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Corporate Blogging Policies

A recent story about how Cisco has gotten in to hot water over a high
profile blog maintained by one of its intellectual property advisors
has prompted many companies to consider their policy in regard to
corporate blogging. The blog, which is now somewhat locked-down,
is called Patent Toll Tracker, and was kept by Rick Frenkel to
chronicle issues related to patent litigation. Apparently, several
patent lawyers involved in a case against Cisco have filed a libel case
against them after Frenkel revealed his identity and affiliation with
the company.

Cisco has released a statement
affirming that they will be retaining Frenkel though re-thinking their
corporate policy. One particular quote has been making its way across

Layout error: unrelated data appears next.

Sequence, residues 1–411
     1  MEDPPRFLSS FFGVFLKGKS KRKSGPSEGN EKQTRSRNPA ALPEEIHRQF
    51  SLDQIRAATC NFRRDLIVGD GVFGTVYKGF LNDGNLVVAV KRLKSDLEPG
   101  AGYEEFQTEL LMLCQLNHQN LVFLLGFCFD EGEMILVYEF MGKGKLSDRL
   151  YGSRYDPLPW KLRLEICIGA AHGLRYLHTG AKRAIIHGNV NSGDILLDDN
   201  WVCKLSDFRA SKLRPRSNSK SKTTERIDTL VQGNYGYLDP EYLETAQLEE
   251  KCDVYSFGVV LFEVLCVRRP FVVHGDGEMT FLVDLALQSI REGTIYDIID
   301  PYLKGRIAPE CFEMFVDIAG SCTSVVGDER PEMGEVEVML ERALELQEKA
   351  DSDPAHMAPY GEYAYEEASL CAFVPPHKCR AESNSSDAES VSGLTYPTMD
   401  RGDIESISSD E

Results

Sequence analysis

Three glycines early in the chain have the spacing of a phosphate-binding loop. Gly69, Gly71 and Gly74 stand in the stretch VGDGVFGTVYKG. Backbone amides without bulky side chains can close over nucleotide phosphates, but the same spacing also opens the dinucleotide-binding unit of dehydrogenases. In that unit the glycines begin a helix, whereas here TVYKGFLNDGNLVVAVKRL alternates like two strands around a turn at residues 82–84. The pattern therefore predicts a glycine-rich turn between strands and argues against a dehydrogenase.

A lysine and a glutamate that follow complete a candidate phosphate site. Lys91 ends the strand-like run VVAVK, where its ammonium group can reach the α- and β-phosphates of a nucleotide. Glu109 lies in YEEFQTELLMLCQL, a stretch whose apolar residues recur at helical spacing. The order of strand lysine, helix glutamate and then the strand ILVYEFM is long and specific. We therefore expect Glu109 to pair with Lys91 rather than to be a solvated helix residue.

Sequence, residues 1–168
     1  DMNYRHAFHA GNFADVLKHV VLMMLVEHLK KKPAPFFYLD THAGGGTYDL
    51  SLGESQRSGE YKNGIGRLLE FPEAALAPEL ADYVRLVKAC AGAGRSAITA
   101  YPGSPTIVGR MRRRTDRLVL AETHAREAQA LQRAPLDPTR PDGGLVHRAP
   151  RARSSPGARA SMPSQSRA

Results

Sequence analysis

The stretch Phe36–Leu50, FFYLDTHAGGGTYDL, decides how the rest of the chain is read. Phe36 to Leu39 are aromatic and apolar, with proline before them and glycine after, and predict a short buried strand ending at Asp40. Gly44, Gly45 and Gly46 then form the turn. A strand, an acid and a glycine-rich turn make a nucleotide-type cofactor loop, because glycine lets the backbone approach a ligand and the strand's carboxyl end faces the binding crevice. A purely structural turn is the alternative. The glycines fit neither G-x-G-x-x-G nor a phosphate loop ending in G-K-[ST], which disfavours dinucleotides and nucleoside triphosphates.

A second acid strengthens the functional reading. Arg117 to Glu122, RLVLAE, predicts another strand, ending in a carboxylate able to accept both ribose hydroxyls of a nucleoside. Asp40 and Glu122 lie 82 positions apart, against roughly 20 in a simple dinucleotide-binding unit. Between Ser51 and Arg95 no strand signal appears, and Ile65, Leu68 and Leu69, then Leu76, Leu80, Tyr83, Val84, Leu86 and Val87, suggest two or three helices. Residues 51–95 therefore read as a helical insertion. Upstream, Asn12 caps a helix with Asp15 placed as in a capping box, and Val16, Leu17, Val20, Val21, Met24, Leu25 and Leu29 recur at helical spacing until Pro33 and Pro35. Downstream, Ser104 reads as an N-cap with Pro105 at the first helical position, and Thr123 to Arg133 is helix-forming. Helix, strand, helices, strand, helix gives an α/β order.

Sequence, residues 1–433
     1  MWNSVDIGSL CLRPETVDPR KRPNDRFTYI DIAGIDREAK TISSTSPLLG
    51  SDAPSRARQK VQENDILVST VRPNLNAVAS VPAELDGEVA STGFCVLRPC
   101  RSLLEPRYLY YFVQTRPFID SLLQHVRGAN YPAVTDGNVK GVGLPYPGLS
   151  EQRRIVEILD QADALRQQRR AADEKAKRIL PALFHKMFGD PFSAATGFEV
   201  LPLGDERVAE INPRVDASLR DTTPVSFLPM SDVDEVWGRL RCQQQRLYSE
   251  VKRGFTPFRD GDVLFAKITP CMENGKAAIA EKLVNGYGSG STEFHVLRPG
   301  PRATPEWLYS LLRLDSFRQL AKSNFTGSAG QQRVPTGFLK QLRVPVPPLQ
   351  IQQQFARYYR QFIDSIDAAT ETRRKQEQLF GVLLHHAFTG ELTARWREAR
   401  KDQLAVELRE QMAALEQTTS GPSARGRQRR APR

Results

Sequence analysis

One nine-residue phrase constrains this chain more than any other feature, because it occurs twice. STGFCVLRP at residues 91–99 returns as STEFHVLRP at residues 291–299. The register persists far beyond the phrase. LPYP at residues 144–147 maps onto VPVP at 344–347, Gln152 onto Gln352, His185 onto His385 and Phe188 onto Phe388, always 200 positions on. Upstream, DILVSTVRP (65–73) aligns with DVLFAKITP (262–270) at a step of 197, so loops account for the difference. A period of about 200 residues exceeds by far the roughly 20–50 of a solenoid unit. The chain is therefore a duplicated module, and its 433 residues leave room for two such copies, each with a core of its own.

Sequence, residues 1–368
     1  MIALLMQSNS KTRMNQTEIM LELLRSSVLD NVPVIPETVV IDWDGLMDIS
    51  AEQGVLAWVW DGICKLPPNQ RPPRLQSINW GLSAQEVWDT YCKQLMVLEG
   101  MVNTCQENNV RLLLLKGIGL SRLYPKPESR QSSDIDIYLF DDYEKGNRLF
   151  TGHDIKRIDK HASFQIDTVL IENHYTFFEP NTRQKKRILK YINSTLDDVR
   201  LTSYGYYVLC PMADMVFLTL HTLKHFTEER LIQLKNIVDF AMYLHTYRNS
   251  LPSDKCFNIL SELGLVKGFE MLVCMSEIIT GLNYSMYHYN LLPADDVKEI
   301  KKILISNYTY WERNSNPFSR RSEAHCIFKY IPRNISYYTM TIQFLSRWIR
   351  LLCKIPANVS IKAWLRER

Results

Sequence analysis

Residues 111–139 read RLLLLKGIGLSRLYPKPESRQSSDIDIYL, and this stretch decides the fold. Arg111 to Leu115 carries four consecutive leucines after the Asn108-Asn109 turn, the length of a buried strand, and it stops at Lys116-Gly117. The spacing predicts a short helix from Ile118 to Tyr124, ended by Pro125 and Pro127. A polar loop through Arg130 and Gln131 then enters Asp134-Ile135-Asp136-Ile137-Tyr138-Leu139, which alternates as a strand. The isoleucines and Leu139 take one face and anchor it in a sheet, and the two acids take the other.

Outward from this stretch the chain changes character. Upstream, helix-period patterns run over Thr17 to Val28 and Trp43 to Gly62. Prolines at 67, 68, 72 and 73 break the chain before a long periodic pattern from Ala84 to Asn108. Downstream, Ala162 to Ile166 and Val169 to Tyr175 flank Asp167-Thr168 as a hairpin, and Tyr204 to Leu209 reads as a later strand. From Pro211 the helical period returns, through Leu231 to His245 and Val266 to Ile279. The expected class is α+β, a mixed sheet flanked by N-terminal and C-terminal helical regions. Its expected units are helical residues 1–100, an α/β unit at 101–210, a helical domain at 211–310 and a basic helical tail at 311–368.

the net already:

If you comment on any aspect of the
companys business or any policy issue the company is involved in where
you have responsibility for Ciscos engagement, you must clearly
identify yourself as a Cisco employee in your postings or blog site(s)
and include a disclaimer that the views are your own and not those of
Cisco.

Seems pretty common-sense to me… After all, its
just the right thing to do. I mentioned this idea toward the end of a
previous post I wrote about using blogging to build your online reputation. Corporate blogging is an opportunity to connect with potential and existing customers in a positive way, even if to address negative feedback. It is not
a good method to attack competition, react against upset customers, or
act subversively. Thats the thing about the internet- the truth will
come out, and if youve got something to hide, it wont be pretty.

Update: 03/28/2008, Regarding the truth coming out on the net, and it not being pretty, check this out.

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